Call it the Trump curse. Scandals seem to befall his most moralistic critics — from the activists at the Lincoln Project to journalists like Chris Cuomo to the imprisoned lawyer Michael Avenatti. A new addition to this roster of undone Trump critics is Mark Galli, the former editor of Christianity Today. The publication reported last week that according to its investigators he sexually harassed women for years.
“Eight women alleged that Galli touched them inappropriately, including one former employee who said Galli caressed her bare shoulder during an event in the early 2000s, while another said Galli’s hand got ‘stuck under her bra’ when he rubbed her back,” reports the Religion News Service about Christianity Today’s findings. “Galli was reprimanded in 2019 after three women in three days reported to human resources that he’d inappropriately touched them — allegedly hugging a woman from behind, grabbing another woman by the shoulders and shaking her and putting a hand on another woman’s butt.”
(Galli told Religion News Service that he may have “crossed lines” but didn’t have “any romantic or sexual interest in anyone at Christianity Today.”)
In 2019, Galli enjoyed a brief spurt of fame after he called for Trump’s removal from office. Galli said that Trump lacked the “morality” necessary to serve in the presidency and questioned Christian support for him: “But it strikes me as strange that for people that take the teachings of Jesus Christ seriously, teachings of the Ten Commandments seriously, that we can’t at least say publicly and out loud and in front of God and everybody that this man’s character is deeply, deeply concerning to us and in my judgement has crossed a line and no longer think he’s fit to lead the United States of America.”
In an editorial, Galli solemnly proclaimed, “That he should be removed, we believe, is not a matter of partisan loyalties but loyalty to the Creator of the Ten Commandments.” The media loved the editorial and feted Galli for days. Journalists who normally decry faith in politics and call for Christians to dilute the Ten Commandments and compromise with the world were suddenly all ears. Nothing pleased the media more during Trump’s presidency than the opportunity to drive a wedge between him and Christians.
But few seemed to notice that this oh-so-righteous call was coming from a publication not particularly known in recent years for its staunch defense of traditional Christian morality and an editor who was apparently not practicing it. (His aforementioned harassing of three women over three days happened just months before he penned the editorial — a grim irony that could not have been lost on his colleagues.)
It turns out that the atmosphere in Galli’s office was far more unseemly than anything happening in the Oval Office. Christianity Today now acknowledges: “A number of women reported demeaning, inappropriate, and offensive behavior by former editor in chief Mark Galli and former advertising director Olatokunbo Olawoye. But their behavior was not checked and the men were not disciplined, according to an external assessment of the ministry’s culture released Tuesday.”
The publication reports that “Olawoye’s tenure at CT ended after he was arrested by federal agents in a sting operation in 2017. He was attempting to pay for sex with a teenage girl. He ultimately pleaded guilty and was sentenced to three years in prison.” The publication then reports Galli’s odd response to the arrest of his colleague:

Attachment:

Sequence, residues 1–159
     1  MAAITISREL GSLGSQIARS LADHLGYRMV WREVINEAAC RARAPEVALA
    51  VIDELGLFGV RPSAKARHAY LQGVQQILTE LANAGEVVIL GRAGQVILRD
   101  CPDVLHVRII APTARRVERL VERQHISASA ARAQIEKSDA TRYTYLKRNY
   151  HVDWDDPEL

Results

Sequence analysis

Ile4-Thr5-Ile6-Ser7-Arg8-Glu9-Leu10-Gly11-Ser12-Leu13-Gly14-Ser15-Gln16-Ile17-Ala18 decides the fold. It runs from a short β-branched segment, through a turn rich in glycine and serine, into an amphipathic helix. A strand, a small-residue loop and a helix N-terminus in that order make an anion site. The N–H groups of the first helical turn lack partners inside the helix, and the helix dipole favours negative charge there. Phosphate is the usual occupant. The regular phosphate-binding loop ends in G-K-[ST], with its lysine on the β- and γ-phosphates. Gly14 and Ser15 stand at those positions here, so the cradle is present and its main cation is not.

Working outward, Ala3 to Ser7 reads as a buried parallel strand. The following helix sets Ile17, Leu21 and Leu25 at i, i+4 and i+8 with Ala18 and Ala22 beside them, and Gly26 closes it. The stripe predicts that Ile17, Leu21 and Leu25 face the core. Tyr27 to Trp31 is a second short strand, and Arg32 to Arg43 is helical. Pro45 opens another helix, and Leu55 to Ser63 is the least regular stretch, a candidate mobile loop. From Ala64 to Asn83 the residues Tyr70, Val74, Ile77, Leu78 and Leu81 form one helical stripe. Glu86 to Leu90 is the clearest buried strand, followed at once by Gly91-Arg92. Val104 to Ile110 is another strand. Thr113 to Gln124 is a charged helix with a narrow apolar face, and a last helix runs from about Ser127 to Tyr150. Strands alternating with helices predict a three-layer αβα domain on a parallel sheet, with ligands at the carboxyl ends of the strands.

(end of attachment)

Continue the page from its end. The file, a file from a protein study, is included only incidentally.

In CT’s editorial department, it was Mark Galli who shared the news of Olawoye’s arrest and delivered the message about suspending judgment. He told at least two women he supervised that he understood how a man could be tempted to pay for sex with a teenager. According to the women, Galli said that he also had unfulfilled sexual urges and that was a common male experience. The important thing was learning not to act on those urges.
Both would later question why he told them that. Both were later touched inappropriately by the then–editor in chief.
All of this makes Galli’s censoriousness about Trump’s vulgarities very puzzling. It is hard to believe that he was truly fretting over Trump’s “character flaws.” It is far more likely that he just didn’t like his personality and politics. Many of the ostensible moral critiques of the Never Trumpers were nothing more than disguised and opportunistic political attacks on Trump, often coming from “conservatives” who long ago abandoned any defense of Christian morality.
They wouldn’t even give Trump credit for improvements in his behavior, such as his defense of the unborn. He was the most pro-life president since Reagan. What bothered the Never Trumpers the most about Trump was not his decadent past but his break with it. They would have preferred if he had remained a Manhattanite libertine. Instead, he turned into a Rush Limbaugh-style conservative and defended the religious freedom of Christians.
The browbeating of Christians for siding with Trump over Hillary Clinton continues. But it makes no sense, especially in light of the persecution that they now face under Biden. “Be as gentle as doves and wise as serpents,” Jesus Christ told his disciples. Imprudence, even if it is dressed up as a higher form of morality, is a vice, not a virtue. Trump’s Christian voters understood that while remembering an adage to which Galli and other compromised Never Trumpers should have been sympathetic — that “every saint has a past, every sinner has a future.”
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